Osama bin Laden was buried at sea Monday after U.S. forces raided his well-appointed hideout in Pakistan, shot him in a firefight and spirited his body out of the country aboard a helicopter, U.S. officials said.The death of the long-hunted al-Qaeda leader, who had eluded intensive U.S. efforts to capture or kill him after the Sept. 11, 2001, terrorist attacks he ordered, triggered warnings Monday that his radical Islamist network or sympathizers could try to retaliate against Americans or U.S. interests.
It also served, U.S. officials said, to send a message to the extremist Taliban movement fighting to make a comeback in Afghanistan, where it had harbored bin Laden and al-Qaeda before being driven from power by U.S.-backed Afghan forces in November 2001. The message: Give up hope of defeating U.S. and NATO forces, renounce al-Qaeda and join the political process.
Bin Laden was killed early Monday in Pakistan (Sunday afternoon in Washington) in what officials described as a surgical raid by U.S. Navy SEALs on his compound in Abbottabad, Pakistan, a garrison town 72 miles by road north of the capital, Islamabad.
In a rare Sunday night address from the East Room of the White House, President Obama said a small team of U.S. personnel attacked the compound, where bin Laden had been hiding since at least last summer. During a firefight, the U.S. team killed bin Laden, 54, and took custody of his body in what Obama called “the most significant achievement to date in our nation’s effort to defeat al-Qaeda.”At the White House early Monday afternoon, Obama said: “I think we can all agree this is a good day for America. Our country has kept its commitment to see that justice is done. The world is safer. It is a better place because of the death of Osama bin Laden.”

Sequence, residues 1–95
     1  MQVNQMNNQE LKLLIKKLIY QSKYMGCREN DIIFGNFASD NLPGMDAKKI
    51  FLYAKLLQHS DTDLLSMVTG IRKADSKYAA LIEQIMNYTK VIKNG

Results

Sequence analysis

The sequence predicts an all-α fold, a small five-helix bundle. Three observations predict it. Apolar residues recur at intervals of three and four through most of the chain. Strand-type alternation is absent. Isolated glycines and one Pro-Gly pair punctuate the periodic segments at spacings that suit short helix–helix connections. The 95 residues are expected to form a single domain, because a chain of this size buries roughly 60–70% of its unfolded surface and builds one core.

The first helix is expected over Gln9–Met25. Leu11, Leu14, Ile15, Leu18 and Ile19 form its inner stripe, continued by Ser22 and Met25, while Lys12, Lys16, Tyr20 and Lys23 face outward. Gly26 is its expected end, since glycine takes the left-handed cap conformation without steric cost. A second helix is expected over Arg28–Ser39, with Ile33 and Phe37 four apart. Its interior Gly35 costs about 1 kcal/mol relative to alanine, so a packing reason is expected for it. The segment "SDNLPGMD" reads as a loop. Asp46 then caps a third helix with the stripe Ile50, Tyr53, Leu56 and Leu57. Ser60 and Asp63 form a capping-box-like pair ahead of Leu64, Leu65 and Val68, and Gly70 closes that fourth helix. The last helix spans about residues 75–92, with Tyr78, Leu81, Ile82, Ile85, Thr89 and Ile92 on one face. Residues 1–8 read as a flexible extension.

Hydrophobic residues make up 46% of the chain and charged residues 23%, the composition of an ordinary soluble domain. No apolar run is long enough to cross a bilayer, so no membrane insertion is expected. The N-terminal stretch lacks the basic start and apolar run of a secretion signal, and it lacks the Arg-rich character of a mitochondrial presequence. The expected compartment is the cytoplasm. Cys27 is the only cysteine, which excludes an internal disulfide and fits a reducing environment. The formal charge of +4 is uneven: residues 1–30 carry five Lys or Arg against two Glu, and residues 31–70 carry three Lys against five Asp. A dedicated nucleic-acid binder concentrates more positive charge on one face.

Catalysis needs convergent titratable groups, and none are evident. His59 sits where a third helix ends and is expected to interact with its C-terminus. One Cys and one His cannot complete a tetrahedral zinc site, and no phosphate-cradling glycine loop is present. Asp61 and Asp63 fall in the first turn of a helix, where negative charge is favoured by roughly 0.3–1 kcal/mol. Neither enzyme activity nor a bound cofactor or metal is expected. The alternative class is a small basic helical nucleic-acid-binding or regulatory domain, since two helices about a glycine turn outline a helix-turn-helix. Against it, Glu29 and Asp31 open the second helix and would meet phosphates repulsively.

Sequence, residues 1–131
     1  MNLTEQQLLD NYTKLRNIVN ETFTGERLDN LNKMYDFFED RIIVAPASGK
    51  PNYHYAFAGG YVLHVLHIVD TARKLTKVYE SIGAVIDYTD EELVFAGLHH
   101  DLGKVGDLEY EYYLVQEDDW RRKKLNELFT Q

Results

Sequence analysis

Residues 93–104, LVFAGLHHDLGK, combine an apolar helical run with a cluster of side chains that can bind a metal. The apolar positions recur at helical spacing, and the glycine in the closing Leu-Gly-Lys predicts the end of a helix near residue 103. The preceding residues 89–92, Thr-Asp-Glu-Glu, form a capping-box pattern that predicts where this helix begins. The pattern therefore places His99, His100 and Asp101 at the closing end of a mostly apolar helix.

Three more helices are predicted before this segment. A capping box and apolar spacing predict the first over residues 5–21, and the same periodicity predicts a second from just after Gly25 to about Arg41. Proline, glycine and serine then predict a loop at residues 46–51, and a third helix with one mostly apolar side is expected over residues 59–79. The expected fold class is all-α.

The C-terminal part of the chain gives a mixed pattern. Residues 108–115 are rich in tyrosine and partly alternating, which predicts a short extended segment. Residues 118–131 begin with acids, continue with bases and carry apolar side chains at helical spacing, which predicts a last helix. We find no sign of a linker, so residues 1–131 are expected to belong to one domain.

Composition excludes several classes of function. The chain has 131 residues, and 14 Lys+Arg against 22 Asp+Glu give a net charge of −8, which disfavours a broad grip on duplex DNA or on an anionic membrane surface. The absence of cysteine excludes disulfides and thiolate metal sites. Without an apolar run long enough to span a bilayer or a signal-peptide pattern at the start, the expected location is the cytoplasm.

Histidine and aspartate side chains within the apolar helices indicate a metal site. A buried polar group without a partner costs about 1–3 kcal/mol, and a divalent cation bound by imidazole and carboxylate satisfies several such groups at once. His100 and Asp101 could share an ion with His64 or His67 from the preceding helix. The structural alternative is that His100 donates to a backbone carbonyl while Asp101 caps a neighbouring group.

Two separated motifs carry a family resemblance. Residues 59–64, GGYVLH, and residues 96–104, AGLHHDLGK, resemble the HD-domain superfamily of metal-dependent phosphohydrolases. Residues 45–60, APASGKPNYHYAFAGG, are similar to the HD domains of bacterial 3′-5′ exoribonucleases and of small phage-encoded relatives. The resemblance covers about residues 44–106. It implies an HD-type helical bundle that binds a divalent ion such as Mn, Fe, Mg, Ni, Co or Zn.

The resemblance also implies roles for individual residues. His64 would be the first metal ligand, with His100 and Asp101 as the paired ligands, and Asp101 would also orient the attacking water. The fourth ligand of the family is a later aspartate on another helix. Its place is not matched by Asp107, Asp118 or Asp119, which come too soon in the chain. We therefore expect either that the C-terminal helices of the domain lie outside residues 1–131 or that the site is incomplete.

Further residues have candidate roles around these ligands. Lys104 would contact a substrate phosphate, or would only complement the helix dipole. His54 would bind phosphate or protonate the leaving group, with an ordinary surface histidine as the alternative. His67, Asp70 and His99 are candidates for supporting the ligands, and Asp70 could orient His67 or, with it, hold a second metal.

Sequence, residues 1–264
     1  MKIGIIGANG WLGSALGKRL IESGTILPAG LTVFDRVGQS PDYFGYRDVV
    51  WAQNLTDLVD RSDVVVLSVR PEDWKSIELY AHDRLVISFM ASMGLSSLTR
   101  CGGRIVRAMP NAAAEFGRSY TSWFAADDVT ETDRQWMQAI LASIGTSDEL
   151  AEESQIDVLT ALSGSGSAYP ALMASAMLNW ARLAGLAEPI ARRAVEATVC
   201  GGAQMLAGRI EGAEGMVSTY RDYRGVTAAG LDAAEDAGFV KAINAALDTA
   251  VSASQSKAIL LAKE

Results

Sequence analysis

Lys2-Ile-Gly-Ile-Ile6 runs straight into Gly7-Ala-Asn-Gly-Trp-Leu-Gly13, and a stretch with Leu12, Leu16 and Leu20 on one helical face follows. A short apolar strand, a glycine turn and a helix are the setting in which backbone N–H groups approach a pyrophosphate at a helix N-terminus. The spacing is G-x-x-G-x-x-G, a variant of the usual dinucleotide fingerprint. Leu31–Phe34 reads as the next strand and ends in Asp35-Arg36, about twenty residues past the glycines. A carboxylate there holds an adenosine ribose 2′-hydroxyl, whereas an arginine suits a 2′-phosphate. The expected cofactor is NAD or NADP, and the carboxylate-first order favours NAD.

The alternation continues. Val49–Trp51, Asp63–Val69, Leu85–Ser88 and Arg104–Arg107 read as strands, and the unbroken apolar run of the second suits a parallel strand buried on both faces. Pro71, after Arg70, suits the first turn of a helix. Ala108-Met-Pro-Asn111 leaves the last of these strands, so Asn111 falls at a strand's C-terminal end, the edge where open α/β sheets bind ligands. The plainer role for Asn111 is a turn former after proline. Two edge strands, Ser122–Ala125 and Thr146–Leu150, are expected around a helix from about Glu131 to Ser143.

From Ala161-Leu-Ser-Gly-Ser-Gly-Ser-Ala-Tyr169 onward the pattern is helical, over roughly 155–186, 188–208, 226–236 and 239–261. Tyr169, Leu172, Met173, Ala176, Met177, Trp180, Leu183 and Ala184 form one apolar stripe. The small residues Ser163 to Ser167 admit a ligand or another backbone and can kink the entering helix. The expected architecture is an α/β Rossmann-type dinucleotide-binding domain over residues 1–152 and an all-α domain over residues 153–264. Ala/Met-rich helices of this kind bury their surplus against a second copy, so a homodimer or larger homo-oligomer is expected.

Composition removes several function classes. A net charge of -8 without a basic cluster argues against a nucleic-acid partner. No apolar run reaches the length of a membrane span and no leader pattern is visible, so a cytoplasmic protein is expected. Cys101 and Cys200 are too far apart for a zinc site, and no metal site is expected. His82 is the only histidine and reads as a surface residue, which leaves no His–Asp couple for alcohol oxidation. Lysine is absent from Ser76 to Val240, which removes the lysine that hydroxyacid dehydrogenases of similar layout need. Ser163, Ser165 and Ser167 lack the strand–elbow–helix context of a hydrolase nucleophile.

Speaking at a ceremony to award Medals of Honor posthumously to two Korean War veterans, Obama added: “Today, we are reminded that, as a nation, there’s nothing we can’t do when we put our shoulders to the wheel, when we work together, when we remember the sense of unity that defines us as Americans.”
The discovery that bin Laden had been hiding in a well-populated part of Pakistan, rather than a remote location, raised new questions about the extent to which Pakistan is cooperating with the United States in combating terrorism.U.S. forces flew to bin Laden’s hideout in helicopters about 1 a.m. Monday (4 p.m. Sunday in Washington) from neighboring Afghanistan. Bin Laden was killed “in a firefight” after he and his guards resisted the U.S. attackers, a senior Obama administration official said. U.S. personnel identified him by facial recognition. Bin Laden was shot in the head, the Associated Press reported.